next argues that the Court should suppress the firearm and
marijuana because the initial seizure by Officer Reed was
unreasonable under the Fourth Amendment. A police officer may
conduct an investigatory stop if that officer has a
reasonable suspicion supported by articulable facts that
criminal activity is afoot. See United States v.
Broomfield, 417 F.3d 654, 655 (7th Cir. 2005) (citing
Terry, 392 U.S. 1); see also United States v.
Bullock, 632 F.3d 1004, 1014- 15 (7th Cir.2011)
(citations omitted). Reasonable suspicion is more than a
hunch but less than probable cause, and it requires
“some minimal level of objective justification”
for making a stop. United States v. Sokolow, 490
U.S. 1, 7, (1989). When determining whether reasonable
suspicion exists, courts must assess the “totality of
the circumstances to evaluate whether the officer has a
particularized and objective basis for suspecting illegal
activity.” United States v. Zambrana, 428 F.3d
670, 675 (7th Cir. 2005) (quotation marks omitted). This
assessment is based on “the totality of the
circumstances known to the officer at the time of the stop,
including the experience of the officer and the behavior and
characteristics of the suspect.” United States v.
Lawshea, 461 F.3d 857, 859 (7th Cir. 2006). The
government bears the burden of establishing reasonable
suspicion by a preponderance of the evidence. United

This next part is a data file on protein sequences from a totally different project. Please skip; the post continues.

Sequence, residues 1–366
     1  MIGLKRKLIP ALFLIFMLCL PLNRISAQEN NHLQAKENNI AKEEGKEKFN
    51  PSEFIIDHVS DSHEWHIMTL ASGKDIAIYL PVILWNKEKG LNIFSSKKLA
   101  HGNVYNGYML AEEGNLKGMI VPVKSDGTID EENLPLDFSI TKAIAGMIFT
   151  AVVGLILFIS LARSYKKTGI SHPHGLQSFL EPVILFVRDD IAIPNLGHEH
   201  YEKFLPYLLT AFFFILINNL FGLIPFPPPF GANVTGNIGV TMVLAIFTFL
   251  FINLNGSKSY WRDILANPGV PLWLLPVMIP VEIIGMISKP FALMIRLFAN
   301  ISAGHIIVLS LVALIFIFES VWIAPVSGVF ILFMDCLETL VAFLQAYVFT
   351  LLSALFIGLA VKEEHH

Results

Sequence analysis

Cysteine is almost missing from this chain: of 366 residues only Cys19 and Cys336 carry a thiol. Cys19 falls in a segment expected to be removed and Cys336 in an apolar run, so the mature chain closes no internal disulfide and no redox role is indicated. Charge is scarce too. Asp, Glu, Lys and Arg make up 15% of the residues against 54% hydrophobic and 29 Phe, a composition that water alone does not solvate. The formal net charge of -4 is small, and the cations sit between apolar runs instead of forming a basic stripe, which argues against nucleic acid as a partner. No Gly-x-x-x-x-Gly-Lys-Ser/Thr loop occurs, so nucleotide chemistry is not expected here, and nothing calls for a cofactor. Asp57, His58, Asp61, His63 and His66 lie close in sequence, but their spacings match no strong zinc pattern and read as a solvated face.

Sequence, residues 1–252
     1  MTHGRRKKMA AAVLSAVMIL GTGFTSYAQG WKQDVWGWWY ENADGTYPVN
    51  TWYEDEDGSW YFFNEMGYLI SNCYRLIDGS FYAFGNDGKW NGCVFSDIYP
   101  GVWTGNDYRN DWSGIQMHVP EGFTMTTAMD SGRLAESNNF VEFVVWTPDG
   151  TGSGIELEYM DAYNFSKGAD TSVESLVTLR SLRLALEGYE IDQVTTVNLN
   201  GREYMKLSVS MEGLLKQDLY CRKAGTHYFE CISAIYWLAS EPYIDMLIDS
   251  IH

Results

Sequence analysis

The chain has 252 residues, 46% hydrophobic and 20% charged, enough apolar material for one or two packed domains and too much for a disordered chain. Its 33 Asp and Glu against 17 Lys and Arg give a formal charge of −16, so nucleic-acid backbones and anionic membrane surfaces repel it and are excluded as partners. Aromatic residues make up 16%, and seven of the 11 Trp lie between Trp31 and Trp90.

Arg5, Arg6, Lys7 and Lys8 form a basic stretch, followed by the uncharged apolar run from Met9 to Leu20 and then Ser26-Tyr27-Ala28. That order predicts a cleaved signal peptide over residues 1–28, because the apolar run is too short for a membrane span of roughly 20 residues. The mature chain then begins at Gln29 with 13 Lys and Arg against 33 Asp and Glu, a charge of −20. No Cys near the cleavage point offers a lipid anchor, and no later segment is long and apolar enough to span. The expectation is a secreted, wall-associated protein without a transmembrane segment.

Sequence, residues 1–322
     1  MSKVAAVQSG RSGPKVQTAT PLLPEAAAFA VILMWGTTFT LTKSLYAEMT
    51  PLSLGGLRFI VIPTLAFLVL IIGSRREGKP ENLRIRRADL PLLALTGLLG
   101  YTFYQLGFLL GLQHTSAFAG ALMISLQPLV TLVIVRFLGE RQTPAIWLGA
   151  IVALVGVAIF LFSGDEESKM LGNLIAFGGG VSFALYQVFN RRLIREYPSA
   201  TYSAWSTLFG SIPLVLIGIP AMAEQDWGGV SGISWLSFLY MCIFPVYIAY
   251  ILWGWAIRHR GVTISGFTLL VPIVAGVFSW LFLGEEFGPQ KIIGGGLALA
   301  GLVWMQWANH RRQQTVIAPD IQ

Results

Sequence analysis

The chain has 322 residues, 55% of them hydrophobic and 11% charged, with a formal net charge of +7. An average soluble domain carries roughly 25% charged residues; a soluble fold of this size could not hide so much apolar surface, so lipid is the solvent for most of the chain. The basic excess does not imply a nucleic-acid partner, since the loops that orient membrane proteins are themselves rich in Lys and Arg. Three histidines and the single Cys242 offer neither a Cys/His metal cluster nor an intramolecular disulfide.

States v. Uribe, 709 F.3d 646, 650 (7th Cir. 2013).
Court finds that the totality of the circumstances in this
case meet the standard of reasonable suspicion required by
Terry. See Terry, 392 U.S. 1. The officers
are able to point to specific and articulable facts that
warrant an investigatory stop. Officers Reed and Peterson
responded to a burglary alarm at Intercall. When Officer Reed
arrived at the scene shortly before midnight, a time when the
business was closed, Miller was the only person present and
standing in the alley near the vicinity of Intercall's
back door. Based on Miller's proximity to the location of
the tripped burglary alarm and the lack of other civilians in
the commercial area at the time, the Court concludes that
Officer Reed reasonably believed Miller was engaged in
illegal activity to justify a brief detention and the initial
questioning. Within less than two (2) minutes of the stop,
the officer observed Miller patting his pockets, changing his
statement about whether he had identification with him, and